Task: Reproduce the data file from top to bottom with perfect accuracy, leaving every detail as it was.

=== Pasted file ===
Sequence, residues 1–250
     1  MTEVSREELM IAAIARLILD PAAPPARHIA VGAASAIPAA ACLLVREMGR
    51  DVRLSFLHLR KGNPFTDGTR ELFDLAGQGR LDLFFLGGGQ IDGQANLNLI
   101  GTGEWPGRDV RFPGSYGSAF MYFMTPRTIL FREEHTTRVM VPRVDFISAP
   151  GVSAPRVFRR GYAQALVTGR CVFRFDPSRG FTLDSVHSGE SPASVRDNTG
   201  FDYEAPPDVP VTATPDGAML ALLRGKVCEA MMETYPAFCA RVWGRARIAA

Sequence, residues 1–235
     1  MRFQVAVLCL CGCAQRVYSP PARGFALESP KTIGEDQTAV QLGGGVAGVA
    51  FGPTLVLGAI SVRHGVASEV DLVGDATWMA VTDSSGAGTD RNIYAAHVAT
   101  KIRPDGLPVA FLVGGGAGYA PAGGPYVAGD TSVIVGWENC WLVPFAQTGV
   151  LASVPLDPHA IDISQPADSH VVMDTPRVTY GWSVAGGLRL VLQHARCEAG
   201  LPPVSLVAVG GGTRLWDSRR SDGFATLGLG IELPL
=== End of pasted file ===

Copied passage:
Sequence, residues 1–250
     1  MTEVSREELM IAAIARLILD PAAPPARHIA VGAASAIPAA ACLLVREMGR
    51  DVRLSFLHLR KGNPFTDGTR ELFDLAGQGR LDLFFLGGGQ IDGQANLNLI
   101  GTGEWPGRDV RFPGSYGSAF MYFMTPRTIL FREEHTTRVM VPRVDFISAP
   151  GVSAPRVFRR GYAQALVTGR CVFRFDPSRG FTLDSVHSGE SPASVRDNTG
   201  FDYEAPPDVP VTATPDGAML ALLRGKVCEA MMETYPAFCA RVWGRARIAA

Sequence, residues 1–235
     1  MRFQVAVLCL CGCAQRVYSP PARGFALESP KTIGEDQTAV QLGGGVAGVA
    51  FGPTLVLGAI SVRHGVASEV DLVGDATWMA VTDSSGAGTD RNIYAAHVAT
   101  KIRPDGLPVA FLVGGGAGYA PAGGPYVAGD TSVIVGWENC WLVPFAQTGV
   151  LASVPLDPHA IDISQPADSH VVMDTPRVTY GWSVAGGLRL VLQHARCEAG
   201  LPPVSLVAVG GGTRLWDSRR SDGFATLGLG IELPL